Sulima v. Tobyhanna Army Depot, 2010 WL 1427542 (3d Cir., April 12, 2010) – In this case, the Third Circuit Court of Appeals held that the side effects of medication taken to treat a condition could by themselves constitute a disability under the Americans with Disabilities Act (ADA), even when the underlying condition is not itself disabling.
The plaintiff claimed that the side effects of his obesity and sleep apnea medications constituted a disability because they required him to use the restroom frequently. The Third Circuit adopted the factors set forth in the Seventh Circuit’s decision in Christian v. St. Anthony Med. Ctr., 117 F.3d 1051 (7th Cir., 1997) to decide the question: (1) whether the treatment is medically necessary in the prudent judgment of the medical profession; (2) whether the treatment is not just an “attractive option” and that there is no available, equally effective alternative that lacks the side effects in question; and (3) whether the treatment is not required solely in anticipation of an impairment resulting from the plaintiff’s voluntary choices.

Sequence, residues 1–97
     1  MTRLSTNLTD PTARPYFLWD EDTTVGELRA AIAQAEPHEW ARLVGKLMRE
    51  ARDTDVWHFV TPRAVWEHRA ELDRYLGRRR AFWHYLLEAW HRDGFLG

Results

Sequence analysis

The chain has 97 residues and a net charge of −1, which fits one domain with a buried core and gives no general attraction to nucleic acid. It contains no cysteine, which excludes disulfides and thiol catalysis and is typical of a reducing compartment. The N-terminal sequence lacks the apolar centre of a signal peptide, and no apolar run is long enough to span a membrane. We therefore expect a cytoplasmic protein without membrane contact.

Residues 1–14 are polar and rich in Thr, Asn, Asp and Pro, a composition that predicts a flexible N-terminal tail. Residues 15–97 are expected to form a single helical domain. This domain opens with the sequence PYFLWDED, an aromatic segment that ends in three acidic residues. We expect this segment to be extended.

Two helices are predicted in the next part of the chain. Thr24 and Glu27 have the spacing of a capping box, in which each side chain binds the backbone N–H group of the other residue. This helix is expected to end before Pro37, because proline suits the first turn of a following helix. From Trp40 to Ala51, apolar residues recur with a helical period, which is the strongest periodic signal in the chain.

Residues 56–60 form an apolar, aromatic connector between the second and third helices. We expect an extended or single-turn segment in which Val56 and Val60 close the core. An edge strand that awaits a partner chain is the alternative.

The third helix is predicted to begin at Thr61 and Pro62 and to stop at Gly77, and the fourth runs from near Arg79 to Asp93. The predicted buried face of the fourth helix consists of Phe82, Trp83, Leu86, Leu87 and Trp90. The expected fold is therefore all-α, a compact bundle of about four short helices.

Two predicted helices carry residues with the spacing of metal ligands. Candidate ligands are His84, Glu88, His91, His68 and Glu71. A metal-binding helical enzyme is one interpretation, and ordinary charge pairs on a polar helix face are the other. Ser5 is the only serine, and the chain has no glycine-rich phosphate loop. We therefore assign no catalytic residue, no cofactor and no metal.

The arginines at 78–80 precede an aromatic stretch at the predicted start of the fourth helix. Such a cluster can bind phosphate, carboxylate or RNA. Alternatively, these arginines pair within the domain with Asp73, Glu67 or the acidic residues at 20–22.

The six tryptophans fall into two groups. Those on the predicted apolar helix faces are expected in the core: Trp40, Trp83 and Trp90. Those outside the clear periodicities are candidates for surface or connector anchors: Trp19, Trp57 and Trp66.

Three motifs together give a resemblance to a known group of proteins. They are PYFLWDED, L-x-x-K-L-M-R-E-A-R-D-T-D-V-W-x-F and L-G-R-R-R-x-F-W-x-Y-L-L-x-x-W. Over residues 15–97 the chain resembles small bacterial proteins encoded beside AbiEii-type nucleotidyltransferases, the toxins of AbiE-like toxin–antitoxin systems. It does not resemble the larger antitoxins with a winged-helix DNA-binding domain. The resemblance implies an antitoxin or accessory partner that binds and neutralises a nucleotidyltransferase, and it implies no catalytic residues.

In this case, the court found that the side effects of the plaintiff’s medications did not constitute a disabling impairment because he did not establish that they were medically necessary. It nevertheless made clear that in the appropriate case the result could be different.